"If I'm not in a good place, or I haven't got the right set up around me, then it's not right for me."

Paratore was a stroke behind David Law after round one and carded a five-under 66 to move to 11 under. 

Dale Whitnell and Justin Harding are a stroke behind, the latter setting the low score of round two with an eight-under 63.

Sometimes in golf, you just have to hold your hands up and accept you were beaten by the better player. That is a feeling that was once all too familiar for Tiger Woods' rivals.

That was certainly the case 20 years ago at golf's most iconic venue St Andrews, which was tamed by Woods in awe-inspiring fashion en route to the first of three triumphs at The Open.

A winning score of 19 under par, eight clear of the chasing pack, underpinned the brilliance of Woods and the chasm in quality to the rest of the field in that period in the sport's illustrious history.

We take a trip down memory lane to reminisce about Woods' first feel of the Claret Jug.


There were 22 birdies and only three bogeys over four days of near flawless golf, while Woods did not once find any of the 128 treacherous St Andrews bunkers – a staggering achievement even in benign conditions.

By the end of round one, it was Ernie Els who led the way, one stroke ahead of Woods and Steve Flesch, providing hope of a duel between two of the game's greats.

Such a notion was completely obliterated on Friday. As Els stagnated, Woods moved three ahead of the field with a glorious 66. At the end of Saturday's moving day, that advantage had doubled to six strokes.

There was the briefest of challenges from David Duval on Sunday, an electric start seeing him birdie four of the opening seven holes to get within three – as close as anyone would get to Woods. 

Duval made a cringe-inducing eight at the 17th, needing four attempts to finally get out of the Road Hole Bunker, as Els and Thomas Bjorn were left in a tie for second, a distant eight strokes back.

For Woods, the unerring way he won his first Claret Jug would leave his rivals scratching their heads at how to compete with, let alone defeat, this winning machine.


"It is really hard to put into words the emotions and feelings going through me and the thoughts that are running through my head," Woods said at the time.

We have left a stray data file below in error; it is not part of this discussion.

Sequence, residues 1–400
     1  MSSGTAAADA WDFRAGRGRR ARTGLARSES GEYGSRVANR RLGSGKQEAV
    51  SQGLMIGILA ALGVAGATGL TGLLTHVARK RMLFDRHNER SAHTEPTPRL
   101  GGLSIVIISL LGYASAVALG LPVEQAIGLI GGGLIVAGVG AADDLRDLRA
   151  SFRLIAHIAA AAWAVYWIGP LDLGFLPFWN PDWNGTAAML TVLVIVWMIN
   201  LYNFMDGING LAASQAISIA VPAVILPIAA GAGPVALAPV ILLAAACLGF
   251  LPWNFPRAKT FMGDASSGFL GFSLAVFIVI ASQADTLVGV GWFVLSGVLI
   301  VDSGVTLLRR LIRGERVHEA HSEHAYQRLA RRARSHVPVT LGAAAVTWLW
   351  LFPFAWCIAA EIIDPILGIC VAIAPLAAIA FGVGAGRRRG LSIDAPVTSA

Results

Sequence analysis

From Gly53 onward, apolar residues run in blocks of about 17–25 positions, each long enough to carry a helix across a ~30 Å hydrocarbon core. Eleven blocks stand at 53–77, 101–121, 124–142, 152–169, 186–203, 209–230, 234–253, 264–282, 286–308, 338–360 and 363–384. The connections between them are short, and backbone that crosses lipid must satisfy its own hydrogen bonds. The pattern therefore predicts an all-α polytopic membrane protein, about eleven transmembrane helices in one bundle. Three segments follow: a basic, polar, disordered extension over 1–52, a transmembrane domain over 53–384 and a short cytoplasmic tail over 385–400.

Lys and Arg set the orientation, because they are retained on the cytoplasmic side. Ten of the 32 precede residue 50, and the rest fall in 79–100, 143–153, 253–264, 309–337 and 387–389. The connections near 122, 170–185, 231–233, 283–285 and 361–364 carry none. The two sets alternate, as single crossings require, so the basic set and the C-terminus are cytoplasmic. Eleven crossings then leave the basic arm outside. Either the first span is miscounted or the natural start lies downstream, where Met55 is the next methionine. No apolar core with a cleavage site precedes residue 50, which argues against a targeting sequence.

"To have an opportunity to complete the slam at St Andrews where golf all started makes it even more special.

"I've been fortunate to have my game peak at the right times. I've always said you'd like to have your game peak at four different times a year, but to actually have it happen is a different story.

"So far I've had a wonderful, wonderful young career and hopefully I can continue the success I have. If I don't that's fine too.

"I am going to keep working on my game, keep trying to get better and we will see what happens."


- Woods' 19-under-par score was a record for any major at the time. Henrik Stenson would record a -20 at Royal Troon in 2016, while Jason Day had also set that benchmark score at the 2015 US PGA Championship.

- His winning margin was the largest in The Open since JH Taylor won by eight in 1913.

- Woods became just the third Open champion after Greg Norman and Nick Price to shoot four rounds under 70.

- At the age of 24, Woods joined Gene Sarazen, Ben Hogan, Gary Player and Jack Nicklaus in winning all four majors and completing golf's Grand Slam. He is the youngest player to have done so.


The millennium bug may never have come to fruition, but Woods' performances in the 2000 majors had the look of a computer game glitch such was his utter dominance.

Vijay Singhfinished the first major of the new century with a slick green jacket at the Masters in April, but Woods completely took apart the field at Pebble Beach to win the U.S. Open a couple of months later.

There were no three-putts on the course's famous glassy greens and Woods alone finished in the red…at 12 under par! Miguel Angel Jimenez and Els, his nearest "rivals", were three over.

The 15-stroke margin of victory remains the biggest in major history and was followed by his astounding weekend at St Andrews a month later.

At the US PGA Championship, it was not quite as straightforward as the unheralded Bob May matched his score of 18 under, but Woods was not to be denied in the play-off.

By the start of next year, Woods was champion at Augusta to become the first player to be in possession of all four majors at the same time.

David Law made up for lost time in the first round of the British Masters with seven birdies in the space of eight holes to take a one-shot lead.

Close House Golf Club on the outskirts of Newcastle is the venue for the first full European Tour event since March, when the season was suspended due to the coronavirus crisis.

Law was not among the field for two competitions in Austria that were co-sanctioned with the Challenge Tour in the past fortnight, but the Scotsman showed no signs of rust on Wednesday after a long lay-off.

The 29-year-old signed for a seven-under 64 after a bogey-free start, making his seven gains between the sixth and 13th holes with no spectators allowed in to watch.